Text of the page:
When you look back at human history , it is written according to human violence. War after war is listed, and it can be depressing. You wonder if there was ever a time when we all got along for a higher goal. Hidden Figures succeeds as a film because it shows the secret moments in history when we left behind the socially constructed labels that divided humanity to work together and reach the moon.
Did I crying Hidden Figures? Yes. Yet, I did not always cry because, undoubtedly, the film approaches the struggles of being black, a woman, and very smart, which can feel like a burden when the world treat you so stupidly. Many times Katherine G. Johnson (Taraji P. Henson), Dorothy Vaughan (Octavia Spencer), and Mary Jackson (Janelle Monáe) are made less when they are so much more, which is why you walk away from the film cheering them on. They are sweet, bright, and living in a world eager to explore the universe without having fully realized the potential that lies in its own time and space. These three women worked in a segregated office in NASA assuring that astronaut John Glenn (Glen Powell) could safely make an entire orbit around the earth. It is a weird thing to be working for others and their dream when you are treated like you do not have any, yet the film does well to assure that this grim aspect does not overpower these women’s grand hearts.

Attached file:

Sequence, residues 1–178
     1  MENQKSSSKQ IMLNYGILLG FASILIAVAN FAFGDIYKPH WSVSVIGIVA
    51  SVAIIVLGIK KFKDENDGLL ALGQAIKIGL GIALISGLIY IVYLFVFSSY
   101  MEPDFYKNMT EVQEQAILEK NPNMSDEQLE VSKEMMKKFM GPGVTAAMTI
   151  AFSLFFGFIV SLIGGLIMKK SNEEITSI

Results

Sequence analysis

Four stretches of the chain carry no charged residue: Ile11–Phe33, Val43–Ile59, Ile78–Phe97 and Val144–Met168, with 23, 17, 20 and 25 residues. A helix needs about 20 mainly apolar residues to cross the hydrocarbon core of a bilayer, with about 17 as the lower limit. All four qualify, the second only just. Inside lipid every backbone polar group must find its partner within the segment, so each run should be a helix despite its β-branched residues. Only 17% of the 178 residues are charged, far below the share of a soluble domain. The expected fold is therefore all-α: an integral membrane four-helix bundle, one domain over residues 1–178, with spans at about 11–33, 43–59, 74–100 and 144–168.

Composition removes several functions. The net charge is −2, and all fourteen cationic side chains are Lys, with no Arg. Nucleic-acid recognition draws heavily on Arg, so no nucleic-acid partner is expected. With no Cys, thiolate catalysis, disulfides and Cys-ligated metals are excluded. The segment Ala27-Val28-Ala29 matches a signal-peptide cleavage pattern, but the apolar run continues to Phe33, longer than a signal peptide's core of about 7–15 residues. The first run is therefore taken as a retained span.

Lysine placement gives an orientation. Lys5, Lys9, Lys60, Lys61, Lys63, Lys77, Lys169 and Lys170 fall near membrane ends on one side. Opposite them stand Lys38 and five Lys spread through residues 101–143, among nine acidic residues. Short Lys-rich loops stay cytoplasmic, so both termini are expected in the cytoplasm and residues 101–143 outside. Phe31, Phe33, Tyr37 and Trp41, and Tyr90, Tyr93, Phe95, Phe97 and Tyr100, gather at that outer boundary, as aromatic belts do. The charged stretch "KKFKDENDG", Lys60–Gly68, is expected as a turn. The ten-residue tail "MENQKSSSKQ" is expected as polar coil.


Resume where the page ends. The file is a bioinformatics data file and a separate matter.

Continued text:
Henson, Spencer, and Monáe, who I reviewed in Moonlight, are spectacular in this film. They are so warm with their love and intelligence for the script and characters; elevating these same qualities throughout the film. You never stop feeling, even in their most pained moments, that these women wanted to be apart of history, not for fame, money, or glory, but out of humanity. Here they were working for NASA, and having their minds and hearts used for it biggest mission ever, but treated as if the world wanted everything from them except them. Yet, the film ends with hope and lesson that if we work together, we may find that we like each other beyond skin, gender, and even intellect. We will find that what bonds humanity is the goodness of its spirit, which is a layered experience: not a labeled one.
I would highly recommend Hidden Figures to feel good, and learn more about our history, not simply as a country, but as humanity. I wonder, if we had more true stories like this film, would humanity, as a species, be more open to being compassionate. Hidden Figures soars because it is empowering to see history not according to the violence we enact towards each other, but the peace and love that is moved when we come together. I truly wish human history documented itself more according to its triumphs like this fantastic film. Hidden Figures Is Out In Theatres.